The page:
I just finished reading the white paper called “Responding to Changing Households: Regulatory Challenges for Micro-Units and Accessory Dwelling Units” published by the NYU Furman Center. Dry? Not at all!
It’s a little bit of a commitment but an easy read overall. And it’s chock full of important micro-housing data. I recommend that anyone interested in expressing an opinion over the micro-housing debate read it. It’s the first report of its kind, yielding comprehensive analysis of the state of micro-housing in five major cities across the country: Seattle; Washington DC; New York; Denver and Austin.
I’m not here to question the need or validity of micro-housing. Someone else can do that. I believe in it.
This Furman white paper, without question, concludes that micro-housing is the future because it is the best known model that can respond to “the misalignment between the nature of the [housing] stock and the needs of renter households.”
“[Since the 1950s] household sizes have shrunk, people are waiting longer to marry and more are unmarried or divorced, more people are living alone, more people are sharing housing with unrelated individuals, and people are living longer.” Yet our housing stock doesn’t look much different than it did decades ago.
Seattle provides an interesting case study. We have more micro-housing development than any other studied city. But, in our haste to blaze the trail, we are setting ourselves up for failure by moving too fast and letting developers exploit an obsolete set of land use and building codes.
With trail blazing comes controversy. Seattle neighborhood organizations have two primary criticisms of micro-housing. 1) It will adversely change the character of a neighborhood; 2) It will further burden the dearth of parking availability.
I’d like to throw a few ideas into the ring that could potentially assuage the neighborhoods and close the housing stock gap at the same time:
- Car Ownership: Micro-housing should be allowed only in very dense neighborhoods where access to public transit and car sharing programs is high and where car ownership is low. In addition it should also be allowed in the “university islands” around town (UW, Seattle U, SPU, etc.) where it may function a bit more like a dorm.
- Density: The very dense neighborhoods (Capitol Hill, First Hill, Downtown, Belltown, Lower Queen Anne, ID) can most definitely become denser under the current zoning code. Infill micro-housing in these neighborhoods wouldn’t change their already dense character.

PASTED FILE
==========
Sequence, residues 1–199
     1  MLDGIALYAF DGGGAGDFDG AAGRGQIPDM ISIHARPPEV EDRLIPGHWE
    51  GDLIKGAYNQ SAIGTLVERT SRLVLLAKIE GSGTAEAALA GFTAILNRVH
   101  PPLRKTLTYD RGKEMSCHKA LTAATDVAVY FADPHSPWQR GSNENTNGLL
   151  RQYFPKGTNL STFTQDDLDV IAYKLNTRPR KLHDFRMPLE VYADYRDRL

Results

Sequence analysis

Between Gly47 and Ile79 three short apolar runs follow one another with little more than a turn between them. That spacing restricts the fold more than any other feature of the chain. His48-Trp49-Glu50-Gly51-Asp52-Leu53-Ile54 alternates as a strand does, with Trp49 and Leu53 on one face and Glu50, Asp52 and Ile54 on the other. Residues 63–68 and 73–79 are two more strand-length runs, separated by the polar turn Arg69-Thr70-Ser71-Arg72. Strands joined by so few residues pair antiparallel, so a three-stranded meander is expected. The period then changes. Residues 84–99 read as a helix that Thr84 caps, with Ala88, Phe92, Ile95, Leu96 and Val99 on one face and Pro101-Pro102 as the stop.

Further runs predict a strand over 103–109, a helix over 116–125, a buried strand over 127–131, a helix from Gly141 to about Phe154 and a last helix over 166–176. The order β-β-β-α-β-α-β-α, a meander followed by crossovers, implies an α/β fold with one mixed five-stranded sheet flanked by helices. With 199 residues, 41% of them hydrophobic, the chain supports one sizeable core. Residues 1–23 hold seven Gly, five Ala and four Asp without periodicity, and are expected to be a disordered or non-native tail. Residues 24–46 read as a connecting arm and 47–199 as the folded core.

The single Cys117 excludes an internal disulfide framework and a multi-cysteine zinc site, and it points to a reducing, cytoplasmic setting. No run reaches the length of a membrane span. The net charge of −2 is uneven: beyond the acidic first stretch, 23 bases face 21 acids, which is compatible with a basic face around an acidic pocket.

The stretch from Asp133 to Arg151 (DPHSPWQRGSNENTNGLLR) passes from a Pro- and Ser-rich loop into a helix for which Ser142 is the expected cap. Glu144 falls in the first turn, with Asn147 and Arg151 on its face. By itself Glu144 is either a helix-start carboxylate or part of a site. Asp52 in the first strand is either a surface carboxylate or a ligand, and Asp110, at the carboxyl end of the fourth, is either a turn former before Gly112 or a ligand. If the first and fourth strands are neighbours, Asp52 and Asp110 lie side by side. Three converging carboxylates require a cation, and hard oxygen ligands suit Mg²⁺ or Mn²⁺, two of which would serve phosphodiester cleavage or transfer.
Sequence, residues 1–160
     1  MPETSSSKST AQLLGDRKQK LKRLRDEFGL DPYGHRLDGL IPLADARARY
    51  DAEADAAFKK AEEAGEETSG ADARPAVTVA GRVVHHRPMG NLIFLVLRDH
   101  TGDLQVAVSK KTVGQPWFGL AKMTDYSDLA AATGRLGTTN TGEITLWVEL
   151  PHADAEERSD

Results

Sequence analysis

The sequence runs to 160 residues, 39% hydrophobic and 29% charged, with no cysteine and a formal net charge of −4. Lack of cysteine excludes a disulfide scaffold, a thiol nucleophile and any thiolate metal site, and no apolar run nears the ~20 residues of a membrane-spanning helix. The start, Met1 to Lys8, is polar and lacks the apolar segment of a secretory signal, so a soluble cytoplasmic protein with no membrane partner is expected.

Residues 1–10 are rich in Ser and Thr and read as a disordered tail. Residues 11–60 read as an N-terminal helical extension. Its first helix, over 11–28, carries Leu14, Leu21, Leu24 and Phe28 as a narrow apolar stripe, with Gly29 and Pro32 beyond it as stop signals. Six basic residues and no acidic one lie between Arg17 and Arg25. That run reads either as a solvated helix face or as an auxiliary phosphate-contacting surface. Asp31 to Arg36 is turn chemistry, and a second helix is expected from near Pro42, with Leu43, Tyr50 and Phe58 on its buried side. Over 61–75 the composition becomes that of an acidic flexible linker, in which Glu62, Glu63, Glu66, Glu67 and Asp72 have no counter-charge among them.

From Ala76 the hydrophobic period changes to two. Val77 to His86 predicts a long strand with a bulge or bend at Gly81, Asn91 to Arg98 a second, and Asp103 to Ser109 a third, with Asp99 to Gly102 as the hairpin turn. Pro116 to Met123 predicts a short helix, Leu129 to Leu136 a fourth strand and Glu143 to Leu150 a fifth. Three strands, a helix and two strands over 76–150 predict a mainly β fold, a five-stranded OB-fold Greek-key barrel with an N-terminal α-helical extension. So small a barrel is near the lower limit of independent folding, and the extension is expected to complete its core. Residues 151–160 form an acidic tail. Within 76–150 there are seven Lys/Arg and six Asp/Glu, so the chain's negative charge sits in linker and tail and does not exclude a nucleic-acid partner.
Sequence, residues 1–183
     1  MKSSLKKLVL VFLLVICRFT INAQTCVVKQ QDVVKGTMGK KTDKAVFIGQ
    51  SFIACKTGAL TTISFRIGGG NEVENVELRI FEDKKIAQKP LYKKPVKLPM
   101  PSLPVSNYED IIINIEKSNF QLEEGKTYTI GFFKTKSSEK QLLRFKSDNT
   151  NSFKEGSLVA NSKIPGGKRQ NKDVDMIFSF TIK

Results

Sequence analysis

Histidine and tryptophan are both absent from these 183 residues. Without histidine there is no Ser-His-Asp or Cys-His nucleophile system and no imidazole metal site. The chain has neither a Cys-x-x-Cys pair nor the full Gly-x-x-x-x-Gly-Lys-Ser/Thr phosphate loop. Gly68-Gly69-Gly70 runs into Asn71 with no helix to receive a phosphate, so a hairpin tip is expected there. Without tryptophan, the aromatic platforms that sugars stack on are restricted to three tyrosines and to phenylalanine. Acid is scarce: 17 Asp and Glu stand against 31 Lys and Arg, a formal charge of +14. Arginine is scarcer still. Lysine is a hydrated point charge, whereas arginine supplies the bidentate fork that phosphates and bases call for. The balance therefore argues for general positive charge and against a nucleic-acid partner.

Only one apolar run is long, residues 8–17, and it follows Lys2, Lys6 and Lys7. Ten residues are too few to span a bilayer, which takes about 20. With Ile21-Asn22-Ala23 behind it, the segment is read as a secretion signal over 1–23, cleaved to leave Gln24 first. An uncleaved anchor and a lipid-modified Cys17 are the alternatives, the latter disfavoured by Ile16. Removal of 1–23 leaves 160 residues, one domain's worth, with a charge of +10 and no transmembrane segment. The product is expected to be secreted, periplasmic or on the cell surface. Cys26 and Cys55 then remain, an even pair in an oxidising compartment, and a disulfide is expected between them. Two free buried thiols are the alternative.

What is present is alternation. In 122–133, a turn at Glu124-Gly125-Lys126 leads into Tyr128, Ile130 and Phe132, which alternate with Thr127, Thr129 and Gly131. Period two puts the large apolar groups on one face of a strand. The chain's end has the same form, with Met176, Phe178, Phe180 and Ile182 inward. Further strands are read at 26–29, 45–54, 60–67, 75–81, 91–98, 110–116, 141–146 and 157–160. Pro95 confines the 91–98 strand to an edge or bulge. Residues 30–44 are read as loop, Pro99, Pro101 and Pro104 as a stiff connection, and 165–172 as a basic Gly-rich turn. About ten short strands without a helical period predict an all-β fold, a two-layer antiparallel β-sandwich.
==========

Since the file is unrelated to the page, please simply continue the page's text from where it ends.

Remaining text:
- Roll-out: Consider a micro-housing roll out. As the city grows and other neighborhoods become denser micro-housing can be added to that neighborhood’s mix. Let’s not create a situation where a less dense neighborhood becomes dense because of micro-housing – which is where we are now.
- IBC: Let’s stick to the 220 SF apartment minimum established by the International Building Code. With some design ingenuity, 220 SF can be a great place to live.
- Kitchens: Let’s not regulate whether there’s a kitchen in the unit or out. In fact, offer both options in the building. Those who have no desire to cook can have access to a shared kitchen. And the smaller percentage of those who want to cook regularly can pay a bit more for their own kitchen.
- Design Review: Require design review for ALL micro-housing projects – seriously!
- Connect the Dots: Micro-housing can solve other problems in our City. For example, incentivize developers to eliminate food deserts by locating fresh produce vendors in street level retail space or building next to a P-Patch. Or proactively partner with a car share program so a couple of the cars sit outside the building.
- Building Size: Consider whether there should be a cap to the number of sleeping rooms for micro buildings. If we limit them to say 30 occupants the building would necessarily be an infill project of less than 9,000 SF. This would prevent an entire block from becoming a micro building.
- ADUs: As a corollary to the micro-housing debate, remove the owner occupancy covenant required in single family zones, for all Accessory Dwelling Units (ADUs/DADUs) so that the less dense neighborhoods have a densification plan that is commensurate with that zone.
We have a tremendous opportunity to lead the way in developing denser cities that provide for the needs of all their citizens – not just the select few. Let’s not set out to build the most micro-housing in the country, let’s set out to build the best micro-housing in the country.
Let’s build intentional, thoughtful and well-designed micro-housing buildings that support thriving communities.
Images: vergeAD’s mini studio project on Capitol Hill, infilling 4 stacked studios, each approx 380 SF.
Mike O’Brien of the Seattle City Council is reacting quickly with a compromise amidst the controversy which is partially laid out in this article. It’s a step in the right direction, but all you trail blazers out there, we still have some work to do!